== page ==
- The Washington Times - Tuesday, June 25, 2002

With the elan of an airbrush artist, the U.S. Supreme Court ordained an end to executing the "mentally retarded" (left inexact) last week in Atkins vs. Virginia. The ruling marked a peak in judicial fiat. Reason was denied even a cameo appearance. The opinion clamors to supplement the Queen of Hearts in "Alice in Wonderland."
Daryl Renard Atkins was convicted of abduction, armed robbery and capital murder, and sentenced to death. His guilt was inarguable. His punishment pivoted in part on a prediction of future dangerousness. His mitigation plea of mild retardation (a full scale IQ of 59), rebutted by a state expert, was unconvincing to the sentencing jury.
In Penry vs. Lynaugh (1989), the court denied that the Eighth Amendment ban on "cruel and unusual punishments" categorically condemned capital punishment for the mentally impaired. The Constitution, however, required consideration of the handicap in mitigation by a jury choosing between life or death. Writing for a 6-3 majority in Atkins, Justice John Paul Stevens boldly abandoned this death penalty geometry for a more au courant configuration regaled by academics and the media elite.
Since the 1958 caper by Chief Justice Earl Warren in Trop vs. Dulles, the Supreme Court has employed a manipulable "evolving standards of decency" benchmark to determine the constitutionality of criminal sanctions. A punishment must be reasonably commensurate with the gravity of the offense and the depravity of the offender. Contemporary objective earmarks of permissible proportionality are ordinarily the laws among the 50 states and the federal government.
But if the Supreme Court in its majestic wisdom believes a state legislature is lagging behind sister states in moral pioneering, then the latter must trim its conscience to fit today's fashions.
Justice Stevens summoned into being evidence of a contemporary consensus renouncing the death penalty for the mentally impaired irrespective of the vileness of the homicides, the practical difficulty of separating the genuine from the contrived, and the prospective dangers of offenders mentally numb to their abominations. He noted that a flurry of 16 states since 1989 (plus two before) have carved death penalty exemptions for the mentally stunted. As first grade arithmetic teaches, however, that left 19 States declining the exemption, (with 12 categorically outlawing capital punishment). Justice Stevens thus deftly swapped his robes for the media pundit to make the majority subservient to the minority on the nation's moral plane.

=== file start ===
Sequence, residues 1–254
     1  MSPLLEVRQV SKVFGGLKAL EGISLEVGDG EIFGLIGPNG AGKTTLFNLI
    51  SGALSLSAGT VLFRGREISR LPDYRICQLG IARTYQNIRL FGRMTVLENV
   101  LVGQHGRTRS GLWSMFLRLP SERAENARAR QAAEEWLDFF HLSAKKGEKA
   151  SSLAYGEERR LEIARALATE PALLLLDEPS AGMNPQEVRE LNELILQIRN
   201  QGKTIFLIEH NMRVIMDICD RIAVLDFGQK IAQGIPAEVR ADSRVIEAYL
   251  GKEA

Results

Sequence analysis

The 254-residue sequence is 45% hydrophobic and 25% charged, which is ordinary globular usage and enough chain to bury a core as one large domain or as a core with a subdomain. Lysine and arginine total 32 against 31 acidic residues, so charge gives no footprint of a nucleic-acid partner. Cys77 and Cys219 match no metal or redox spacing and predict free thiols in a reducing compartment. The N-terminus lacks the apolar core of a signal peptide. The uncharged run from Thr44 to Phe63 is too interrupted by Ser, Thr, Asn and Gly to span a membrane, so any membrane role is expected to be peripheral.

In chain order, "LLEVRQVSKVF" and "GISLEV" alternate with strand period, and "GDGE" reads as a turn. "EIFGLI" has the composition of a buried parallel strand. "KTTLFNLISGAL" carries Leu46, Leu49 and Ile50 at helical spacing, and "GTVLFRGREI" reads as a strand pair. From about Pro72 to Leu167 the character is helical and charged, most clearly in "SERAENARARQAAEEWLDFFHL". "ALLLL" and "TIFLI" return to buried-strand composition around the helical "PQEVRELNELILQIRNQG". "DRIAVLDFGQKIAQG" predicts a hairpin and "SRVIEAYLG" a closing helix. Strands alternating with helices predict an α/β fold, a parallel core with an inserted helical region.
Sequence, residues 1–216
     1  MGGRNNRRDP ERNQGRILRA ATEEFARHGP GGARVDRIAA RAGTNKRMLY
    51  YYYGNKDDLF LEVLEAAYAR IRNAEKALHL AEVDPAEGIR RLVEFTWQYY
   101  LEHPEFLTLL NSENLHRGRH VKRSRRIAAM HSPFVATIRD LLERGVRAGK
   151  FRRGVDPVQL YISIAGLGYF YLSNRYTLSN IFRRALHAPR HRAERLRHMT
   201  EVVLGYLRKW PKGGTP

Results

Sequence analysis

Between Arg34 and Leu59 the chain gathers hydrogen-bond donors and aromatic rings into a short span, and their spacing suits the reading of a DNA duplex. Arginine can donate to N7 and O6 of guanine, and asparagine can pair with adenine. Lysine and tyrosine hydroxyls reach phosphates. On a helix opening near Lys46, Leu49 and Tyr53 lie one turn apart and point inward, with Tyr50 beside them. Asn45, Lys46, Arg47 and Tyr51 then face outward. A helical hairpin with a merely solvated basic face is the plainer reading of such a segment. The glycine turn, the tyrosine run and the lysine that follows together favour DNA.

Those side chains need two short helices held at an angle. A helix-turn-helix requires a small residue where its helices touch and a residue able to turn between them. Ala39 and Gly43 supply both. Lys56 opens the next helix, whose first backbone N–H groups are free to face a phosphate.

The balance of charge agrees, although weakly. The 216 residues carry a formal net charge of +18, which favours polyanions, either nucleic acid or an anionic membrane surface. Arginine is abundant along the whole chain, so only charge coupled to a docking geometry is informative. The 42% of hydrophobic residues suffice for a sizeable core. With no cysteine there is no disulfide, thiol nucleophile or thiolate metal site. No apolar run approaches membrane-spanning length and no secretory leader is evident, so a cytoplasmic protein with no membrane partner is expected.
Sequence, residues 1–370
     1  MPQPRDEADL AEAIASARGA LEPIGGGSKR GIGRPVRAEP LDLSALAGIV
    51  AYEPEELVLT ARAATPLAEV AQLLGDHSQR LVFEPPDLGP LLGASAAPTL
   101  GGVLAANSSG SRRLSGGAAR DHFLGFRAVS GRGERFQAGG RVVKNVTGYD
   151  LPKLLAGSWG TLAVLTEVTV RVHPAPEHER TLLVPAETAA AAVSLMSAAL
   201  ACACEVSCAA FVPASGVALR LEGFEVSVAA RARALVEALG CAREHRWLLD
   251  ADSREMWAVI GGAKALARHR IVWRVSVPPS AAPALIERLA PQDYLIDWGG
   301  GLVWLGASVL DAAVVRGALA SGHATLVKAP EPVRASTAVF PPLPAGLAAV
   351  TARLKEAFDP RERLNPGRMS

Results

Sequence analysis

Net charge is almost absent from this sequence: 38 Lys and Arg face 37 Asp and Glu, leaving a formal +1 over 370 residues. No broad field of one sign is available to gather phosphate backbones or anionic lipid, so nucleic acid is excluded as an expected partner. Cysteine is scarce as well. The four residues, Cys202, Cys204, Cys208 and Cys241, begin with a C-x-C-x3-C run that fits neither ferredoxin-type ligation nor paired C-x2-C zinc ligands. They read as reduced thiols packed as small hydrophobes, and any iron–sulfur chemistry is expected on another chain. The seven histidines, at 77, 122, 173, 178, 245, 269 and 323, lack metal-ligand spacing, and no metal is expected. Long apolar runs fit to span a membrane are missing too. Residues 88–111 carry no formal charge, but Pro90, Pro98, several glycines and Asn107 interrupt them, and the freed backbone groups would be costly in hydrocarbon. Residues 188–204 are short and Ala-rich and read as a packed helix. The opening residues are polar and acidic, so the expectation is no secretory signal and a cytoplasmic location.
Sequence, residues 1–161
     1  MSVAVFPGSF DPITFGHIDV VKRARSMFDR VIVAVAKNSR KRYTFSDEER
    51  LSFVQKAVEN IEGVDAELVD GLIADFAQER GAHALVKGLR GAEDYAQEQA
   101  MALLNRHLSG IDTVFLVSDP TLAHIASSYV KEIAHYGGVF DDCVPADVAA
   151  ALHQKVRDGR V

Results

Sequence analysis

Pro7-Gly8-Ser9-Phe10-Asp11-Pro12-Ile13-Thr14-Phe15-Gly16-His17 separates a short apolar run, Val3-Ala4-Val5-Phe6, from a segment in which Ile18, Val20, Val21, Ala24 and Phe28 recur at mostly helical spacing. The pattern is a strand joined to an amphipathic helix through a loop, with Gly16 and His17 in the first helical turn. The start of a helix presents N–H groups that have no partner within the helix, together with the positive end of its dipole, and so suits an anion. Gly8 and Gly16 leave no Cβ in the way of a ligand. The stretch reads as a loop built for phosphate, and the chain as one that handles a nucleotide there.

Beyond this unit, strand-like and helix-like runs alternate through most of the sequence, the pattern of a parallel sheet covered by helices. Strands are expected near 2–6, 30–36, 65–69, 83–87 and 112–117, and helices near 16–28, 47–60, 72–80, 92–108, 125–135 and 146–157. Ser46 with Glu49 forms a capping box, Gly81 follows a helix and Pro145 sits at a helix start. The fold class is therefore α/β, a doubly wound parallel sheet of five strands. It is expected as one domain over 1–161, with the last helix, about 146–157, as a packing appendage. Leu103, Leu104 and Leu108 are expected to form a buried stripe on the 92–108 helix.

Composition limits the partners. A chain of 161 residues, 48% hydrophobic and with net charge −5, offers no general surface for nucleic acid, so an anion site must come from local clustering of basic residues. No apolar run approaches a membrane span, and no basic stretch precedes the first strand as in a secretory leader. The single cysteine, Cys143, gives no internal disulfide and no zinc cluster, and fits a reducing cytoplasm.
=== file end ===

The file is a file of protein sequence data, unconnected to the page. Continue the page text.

States that curtail capital punishment count more than their opposites, the chatter-boxing Justice Stevens insisted, because legislative proponents risk a "soft on crime" attack. But that observation is as daft as insisting that the votes of Supreme Court justices to sustain protections for the accused should be double-counted because the natural sympathies of all lie with crime victims, not their perpetrators.
State legislation ameliorating the death penalty, Justice Stevens also underscored, passed by handsome majorities. But he is clueless as to whether the substantial agreement might be explained by routine "logrolling," or indifference because of the infrequency of death for the handicapped, or strong moral qualms. Only in the latter case would the majorities be pertinent to the Eighth Amendment.
Next Justice Stevens pulled a chapter from "Catch 22." By Supreme Court decree, juries are required to weigh mental retardation against the death penalty. That factor alleviates moral culpability and can be overcome only by proof of aggravating factors. Thus, scrupulously following the Supreme Court's instructions, the practice of executing the mentally deficient has become uncommon in death penalty states. Justice Stevens, however, leaped on this constitutionally mandated caution as evidence of a national consensus for elimination. He thus discovers a popular consensus that the court itself has fastened on the nation.
Fuzzy sociological data is the typical refuge of a constitutional scoundrel. Thus, Justice Stevens enlisted as witnesses to his moral enlightenment the views of the U.S. Catholic Conference, Christian, Jewish, Muslim and Buddhist traditions, the European Union and equivocal polling data. But the consensus demanded by the Eight Amendment is American, not international. And if the American people authentically and categorically oppose the death penalty for the mentally retarded, their views will inevitably find expression in all state legislatures. All answer to popular orthodoxies within a reasonable time, and need no Supreme Court jump starts.
Legislators who have resisted the current death penalty vogue legitimately worry about abuses of a mental retardation exemption. A blurry medical line separates the normal from the subnormal, much more so than the line between sanity and insanity. That increases the problem of feigned symptoms by defendants exponentially. A blitz of experts against experts will predictably elongate already lead-footed death penalty cases, confuse juries and thrust appellate courts into a briar patch of psychiatric puzzles. Mental impairment abolitionist states are too recent to know whether these concerns will prove trivial or troublesome, but the uncertainty justifies a "wait and see" attitude by the holdouts.
Isn't constitutional adjudication sufficiently taxing to warn against judicial moonlighting as political pundits or sociologists? Doesn't the Atkins decision dispel all doubts?

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